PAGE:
Oxford University Press, 1992 - 146 páginas
The music of the prolific Heitor Villa-Lobos (1887-1959) typifies Brazil, in its diversity, spirit of racial amalgam, and awesome beauty. Through the sheer quantity of his output, his original use of folkloric material, and the striking accessibility of his scores, Villa-Lobos has become the best-known and most significant Latin American composer of all time.This book provides an introduction to his music, and by focusing attention on important or unusual works from his large oeuvre, charts Villa-Lobos's own often anguished musical journey through the Brazilian landscape. Jungle, grasslands, river, city, and ocean all find a legitimate place in his aural mosaic of Brazil, but as he approached death his music assumed a deep spiritual quality of peace and resignation. His personal journey of discovery and fulfilment is clearly explained, set against the pervasive backdrop of social and political upheaval which characterized Brazil during Villa-Lobos's lifetime.Simon Wright has lectured, broadcast, and written on all aspects of Latin American music, and was awarded the Rocha Miranda Award of the Anglo-Brazilian Society for research in Brazil.Readership: Those interested in the music of Brazil and Latin America.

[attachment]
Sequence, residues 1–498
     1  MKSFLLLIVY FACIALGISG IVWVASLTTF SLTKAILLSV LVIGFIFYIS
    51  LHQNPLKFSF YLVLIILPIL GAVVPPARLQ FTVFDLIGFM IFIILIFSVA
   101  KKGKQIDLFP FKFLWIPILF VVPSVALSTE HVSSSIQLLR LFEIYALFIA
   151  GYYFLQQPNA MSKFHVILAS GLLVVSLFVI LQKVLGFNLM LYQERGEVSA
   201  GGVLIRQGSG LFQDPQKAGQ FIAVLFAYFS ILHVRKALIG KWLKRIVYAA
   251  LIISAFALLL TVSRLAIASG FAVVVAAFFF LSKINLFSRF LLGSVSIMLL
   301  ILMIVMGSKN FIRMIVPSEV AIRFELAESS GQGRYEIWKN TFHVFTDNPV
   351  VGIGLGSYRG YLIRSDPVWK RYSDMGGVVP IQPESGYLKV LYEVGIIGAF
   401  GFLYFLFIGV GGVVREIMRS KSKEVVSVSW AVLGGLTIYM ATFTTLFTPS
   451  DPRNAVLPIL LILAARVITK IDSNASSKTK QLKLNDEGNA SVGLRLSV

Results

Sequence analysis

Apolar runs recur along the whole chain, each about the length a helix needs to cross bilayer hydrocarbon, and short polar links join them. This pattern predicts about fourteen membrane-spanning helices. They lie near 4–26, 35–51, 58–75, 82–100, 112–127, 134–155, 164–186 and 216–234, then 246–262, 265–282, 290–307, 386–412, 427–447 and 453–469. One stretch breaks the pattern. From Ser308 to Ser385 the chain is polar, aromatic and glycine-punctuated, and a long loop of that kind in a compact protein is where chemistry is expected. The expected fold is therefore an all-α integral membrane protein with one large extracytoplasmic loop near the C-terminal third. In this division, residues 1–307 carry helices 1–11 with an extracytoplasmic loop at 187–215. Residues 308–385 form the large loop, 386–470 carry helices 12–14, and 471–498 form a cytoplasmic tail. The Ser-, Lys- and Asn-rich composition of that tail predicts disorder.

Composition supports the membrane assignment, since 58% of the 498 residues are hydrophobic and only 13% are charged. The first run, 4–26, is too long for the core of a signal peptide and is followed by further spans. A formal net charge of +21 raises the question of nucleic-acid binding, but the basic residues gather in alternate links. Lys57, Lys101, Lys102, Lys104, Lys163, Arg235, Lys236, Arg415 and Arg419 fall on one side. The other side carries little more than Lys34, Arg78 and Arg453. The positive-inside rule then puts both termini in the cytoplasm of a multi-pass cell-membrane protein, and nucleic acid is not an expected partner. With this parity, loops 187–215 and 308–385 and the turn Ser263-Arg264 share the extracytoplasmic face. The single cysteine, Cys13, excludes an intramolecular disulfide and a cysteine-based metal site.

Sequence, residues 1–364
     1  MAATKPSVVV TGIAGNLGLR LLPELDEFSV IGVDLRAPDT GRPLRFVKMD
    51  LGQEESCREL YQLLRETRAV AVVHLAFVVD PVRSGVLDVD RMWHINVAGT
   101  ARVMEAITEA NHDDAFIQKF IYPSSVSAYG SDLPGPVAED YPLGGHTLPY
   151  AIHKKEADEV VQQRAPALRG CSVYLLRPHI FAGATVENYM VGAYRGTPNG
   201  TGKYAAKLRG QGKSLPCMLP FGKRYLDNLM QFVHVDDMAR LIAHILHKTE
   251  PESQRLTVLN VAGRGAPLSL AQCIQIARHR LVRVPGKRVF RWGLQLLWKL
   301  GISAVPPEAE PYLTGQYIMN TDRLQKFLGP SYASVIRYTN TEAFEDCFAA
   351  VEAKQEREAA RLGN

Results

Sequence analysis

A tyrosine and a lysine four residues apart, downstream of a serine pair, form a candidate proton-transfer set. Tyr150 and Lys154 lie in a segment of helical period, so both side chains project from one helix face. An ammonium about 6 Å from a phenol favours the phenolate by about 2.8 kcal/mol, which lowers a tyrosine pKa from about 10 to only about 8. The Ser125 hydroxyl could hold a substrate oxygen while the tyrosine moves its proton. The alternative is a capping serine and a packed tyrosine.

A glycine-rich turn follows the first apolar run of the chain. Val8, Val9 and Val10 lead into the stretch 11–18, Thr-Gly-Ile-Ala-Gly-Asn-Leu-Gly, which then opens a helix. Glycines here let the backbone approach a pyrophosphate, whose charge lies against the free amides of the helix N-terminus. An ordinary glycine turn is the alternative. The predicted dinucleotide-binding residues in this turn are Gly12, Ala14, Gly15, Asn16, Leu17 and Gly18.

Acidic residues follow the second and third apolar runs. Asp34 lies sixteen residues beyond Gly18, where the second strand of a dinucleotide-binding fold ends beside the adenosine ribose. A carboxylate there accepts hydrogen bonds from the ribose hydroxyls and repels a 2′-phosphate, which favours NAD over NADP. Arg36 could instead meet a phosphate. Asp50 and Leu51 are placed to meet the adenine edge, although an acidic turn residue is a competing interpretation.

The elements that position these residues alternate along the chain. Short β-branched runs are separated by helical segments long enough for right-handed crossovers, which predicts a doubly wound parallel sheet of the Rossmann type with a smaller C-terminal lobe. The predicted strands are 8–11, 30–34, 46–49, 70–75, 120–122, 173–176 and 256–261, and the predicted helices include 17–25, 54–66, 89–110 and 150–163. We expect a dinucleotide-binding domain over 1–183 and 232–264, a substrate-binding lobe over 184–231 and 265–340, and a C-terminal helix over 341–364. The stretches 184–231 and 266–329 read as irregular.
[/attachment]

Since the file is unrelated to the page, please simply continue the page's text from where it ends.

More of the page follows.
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Themes and Landscapes 19121922
the Synthesis 19231929
Bach and Brazil 19301945
Last Years 19461959
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La référence à Bach dans les œuvres néo-classiques de Stravinsky
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